Whilst sitting with one of our clients shortly before she was due to head off on a Private Photographic Safari, I asked her “What images are you looking to create on this trip”? Her response was so refreshing to hear, because she actually had a clear plan or vision of what she wanted to create!
Think about this for a second, what value is there in a photographic guide sitting in a sighting with you telling you exactly what all your settings should be? Yes, rough guidelines along shutter speed etc, but unless you have told your photographic guide what images you are looking to create, you are potentially creating the same images as what he is. Firstly there is almost zero knowledge to be gained from this, as you are just following instructions instead of thoroughly understanding how all the technical elements come together. Secondly, you are not creating the images YOU want, you are creating the same images as everyone else, which might feel a bit monotonous at the end of the day.
Now as we all know, the animals don’t always, in fact, hardly ever do what we want them to do! But my point here is if you plan properly for your safari and know what you are looking to create, we will help you to achieve your vision and the result should be rewarding…
So how do we go about planning your images?
You may often hear the phrase; ‘position, position, position’, well, quite frankly applies here: ‘destination, destination, destination’! This is one of the most crucial elements for you to decide, based on what you are looking to create. For example, if you are specifically looking for that epic shot of an Elephant standing on its back legs to get to the nutritious Winter Thorn pods, you are not going to go to Sabi Sands… but the renowned Mana Pools. If you are looking to Photograph the masses of Wildebeest and Zebra at the Great Migration, you are not going to book a trip to Madikwe Game Reserve… Make sense? Point being, do some research on destinations or speak to someone who is a professional in the industry to make sure you have the best chance to create the experience and images you are after.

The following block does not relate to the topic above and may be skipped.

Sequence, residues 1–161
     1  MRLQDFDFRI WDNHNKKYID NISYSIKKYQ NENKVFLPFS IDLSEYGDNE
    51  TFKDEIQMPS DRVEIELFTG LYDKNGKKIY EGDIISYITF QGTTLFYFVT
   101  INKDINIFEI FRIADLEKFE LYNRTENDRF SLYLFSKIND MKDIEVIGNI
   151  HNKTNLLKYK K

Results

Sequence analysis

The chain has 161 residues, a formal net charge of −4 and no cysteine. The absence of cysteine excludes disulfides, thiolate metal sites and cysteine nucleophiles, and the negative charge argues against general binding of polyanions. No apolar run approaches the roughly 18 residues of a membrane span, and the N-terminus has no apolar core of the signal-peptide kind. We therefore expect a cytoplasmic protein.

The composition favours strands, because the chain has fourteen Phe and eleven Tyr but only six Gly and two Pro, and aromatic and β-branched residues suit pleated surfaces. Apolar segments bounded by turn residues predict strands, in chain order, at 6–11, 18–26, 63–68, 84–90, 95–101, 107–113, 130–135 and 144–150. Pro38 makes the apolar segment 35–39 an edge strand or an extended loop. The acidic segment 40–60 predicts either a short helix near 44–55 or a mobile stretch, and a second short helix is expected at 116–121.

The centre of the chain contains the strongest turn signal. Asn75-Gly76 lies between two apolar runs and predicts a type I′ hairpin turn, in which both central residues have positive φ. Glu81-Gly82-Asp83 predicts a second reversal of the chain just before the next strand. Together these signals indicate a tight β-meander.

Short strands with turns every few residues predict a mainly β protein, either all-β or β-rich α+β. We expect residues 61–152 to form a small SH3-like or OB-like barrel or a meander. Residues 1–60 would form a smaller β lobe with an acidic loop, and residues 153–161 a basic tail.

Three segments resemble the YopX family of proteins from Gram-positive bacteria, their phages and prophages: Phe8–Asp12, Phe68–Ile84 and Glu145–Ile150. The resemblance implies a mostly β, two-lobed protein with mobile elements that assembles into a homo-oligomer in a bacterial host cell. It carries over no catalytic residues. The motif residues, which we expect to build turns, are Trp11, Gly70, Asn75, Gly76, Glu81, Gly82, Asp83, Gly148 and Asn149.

All too often we look for the biggest lens, because bigger is better right? There is a famous saying; “If you do what you’ve always done, you will get what you always got“. So, once again, it is important to know what images you are looking to create so that your gear and lens choice compliments it. If you are looking to photograph more animals in their environment, then a wider angle lens or 70-200 might be a good bet for you. If you are looking to photograph more close up portraits, then a bigger zoom will be necessary, maybe a 400-600mm lens. This doesn’t mean you have to go out and spend fortunes, you can simply make use of rentals to try and capture those different types of images.
3. Look at other photographs
This might seems obvious and almost unavoidable given the social media that surrounds us on a daily basis, but by looking at other people’s images, your creative juices will also start to flow. You might choose a couple of elements from one image and combine it with another. It is great way to get both technical and creative ideas. As I elaborate in my descriptions below, I was hoping for a single yet bold subject, with a basic fore or background.
Every day, as soon as my Mac goes into “sleep” mode, this image comes up. It’s an image that has crabbed me from day one, and one that I would love to capture one day.
Not quite a Leopard in a Baobab, but because I had that picture in my head, when I saw this scene in front of me, I had a good idea of what I wanted to create.
Get in touch with the Wild Eye Team if there are any images in particular you are looking to create, and we can help you either from a technical, creative or recommending a destination point of view.
It doesn’t even have to be via email – we are all available on Facebook, Snapchat or Instagram, look us up and pop that question!
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